As I have discussed in the past, it is critical that you design and build single grain fact tables. This requires that there is one and only one level of detail represented in the fact table for each dimension. This also means that there must be a value in every row for every dimension key - no nulls are allowed! Also, the logical primary key of a fact table is the collection of foreign keys from your dimensions. A physical primary key is the collection of columns that will uniquely identify a row in a table. Most of the time, the logical and physical primary keys will be the same. However, they do not need to be.
Consider a basic purchase order (P.O.) scenario. The purchase order is described by customer, order date, requested ship date and sales representative. These are the dimensions. To uniquely track the individual order, the purchase order number is also a dimension. There would be several fact columns as well. See Figure 1 for an example of the purchase order fact table.
The purchase order number is considered a degenerate dimension because all of the interesting attributes about an order have already been placed into another dimension. This leaves only the purchase order number itself. This should be handled in the business dimensional model as a full-fledged dimension, but does not require the creation of a separate dimension table. You may still create a physical degenerate dimension table if your data access tool does not recognize it.
There are additional facts associated with a purchase order, but they exist at a different grain or level of detail. There are facts at the line item detail, which describe the products that are being purchased. Looking simply at the relational tables, we can uniquely identify a line item with the purchase order number and product (see Figure 2).
This would allow unique identification of a row in the purchase order line item table, but it would not easily support the business users for analysis. If you wanted facts for a specific product that was ordered in January, you could get the answer, but not directly. You would need to access both fact tables and join the results on the purchase order number. Most analyses would require using both fact tables. This is not an optimal situation.
You can eliminate that layer of complexity by carrying all of the purchase order dimensions down to the line item fact table. This is illustrated in Figure 3.
Usually, adding dimension keys to a fact table changes the grain of the table and increases the number of rows. In this instance, it does not change the number of rows or the grain. Suppose that you have 5 million rows in the line item fact table in Figure 2. After we add the dimensions in Figure 3, we still only have 5 million line item rows. Each row is fully described with these added dimensions. The size of the fact table does increase. We have added four additional columns. At four bytes each, we have an increase of 16 bytes for each row in the table.
Figure 3 illustrates the difference of the physical primary key of a fact table from the dimensional logical primary key. The physical primary key is comprised of purchase order number and product key. The logical primary key (how we view and use the table dimensionally) is comprised of the order date key, requested ship date key, customer key, sales rep key, P.O. number and product key.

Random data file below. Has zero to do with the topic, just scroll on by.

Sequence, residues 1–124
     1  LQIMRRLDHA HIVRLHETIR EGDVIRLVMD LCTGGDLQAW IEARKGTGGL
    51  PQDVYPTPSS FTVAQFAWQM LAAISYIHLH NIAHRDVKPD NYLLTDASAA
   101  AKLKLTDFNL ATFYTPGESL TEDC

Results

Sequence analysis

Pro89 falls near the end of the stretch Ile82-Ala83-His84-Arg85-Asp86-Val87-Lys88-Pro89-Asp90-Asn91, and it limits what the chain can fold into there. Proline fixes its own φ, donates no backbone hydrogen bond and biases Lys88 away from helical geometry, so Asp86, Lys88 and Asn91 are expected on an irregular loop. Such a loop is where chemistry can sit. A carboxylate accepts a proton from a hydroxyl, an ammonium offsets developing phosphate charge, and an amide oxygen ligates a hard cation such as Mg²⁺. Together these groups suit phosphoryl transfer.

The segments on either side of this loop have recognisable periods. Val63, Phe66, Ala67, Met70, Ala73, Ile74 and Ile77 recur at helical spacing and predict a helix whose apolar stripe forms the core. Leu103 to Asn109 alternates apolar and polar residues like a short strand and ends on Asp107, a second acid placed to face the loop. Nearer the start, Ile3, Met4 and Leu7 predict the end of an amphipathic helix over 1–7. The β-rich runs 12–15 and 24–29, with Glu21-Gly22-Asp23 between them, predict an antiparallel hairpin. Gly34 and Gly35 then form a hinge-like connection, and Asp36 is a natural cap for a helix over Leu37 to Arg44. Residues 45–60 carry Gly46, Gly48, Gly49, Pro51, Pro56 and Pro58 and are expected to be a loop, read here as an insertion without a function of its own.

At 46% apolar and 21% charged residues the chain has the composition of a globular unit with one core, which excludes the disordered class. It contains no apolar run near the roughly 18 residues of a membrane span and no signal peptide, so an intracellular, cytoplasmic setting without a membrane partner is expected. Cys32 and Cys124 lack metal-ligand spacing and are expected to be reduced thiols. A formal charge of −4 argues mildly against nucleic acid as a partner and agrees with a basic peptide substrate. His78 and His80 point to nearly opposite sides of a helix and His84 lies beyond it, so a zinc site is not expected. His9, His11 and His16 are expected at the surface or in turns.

We should also consider the need to retain the purchase order fact table itself. Review each of the facts to determine:
- Does this fact represent an aggregate that can be created by summing facts from the purchase order line item table? If so, simply eliminate the fact from the purchase order fact table.
- Can this fact be allocated or distributed across each of the individual line items? If so, then create the new allocated fact during the transformation process. The allocated fact is placed on the line item fact table and eliminated from the purchase order table itself.
If all of the facts can be taken down to the line item level of detail, then the purchase order fact table is no longer needed!
There are many legitimate instances where the purchase order level facts cannot be allocated down. Consider the case where a hardware store offers a customer a coupon for $10.00 off a total purchase of $100.00 or more. There is a big sale on drills, and the retailer is selling them with a very low profit margin. The customer purchases:
Garden Gloves $9.00
Gallon of Paint $18.00
Flower Seeds $1.50
Vegetable Seeds $1.50
Total Goods $104.00
Total Due $94.00
Therefore, the customer pays $94.00. To allocate the coupon across the products, a simple average would result in $2 off the vegetable seeds, which is more than the item cost. A weighted average seems the next logical step but can impact the profitability measurements of the retailer's merchandising staff. If the drills were on sale close to the retailer's purchase price, the additional $7.12 allocated to the drill could drive the price below what the retailer paid for the item. Total transaction coupons are often accounted for and analyzed separately. If this is the business case, then you must retain the purchase order fact table. How would you know if you can allocate these facts? Ask the business!
As you have seen, there can be a difference between the physical primary key and the logical dimensional primary key of a fact table. Including additional dimensions that further describe the facts can expand the types of analyses that are possible.
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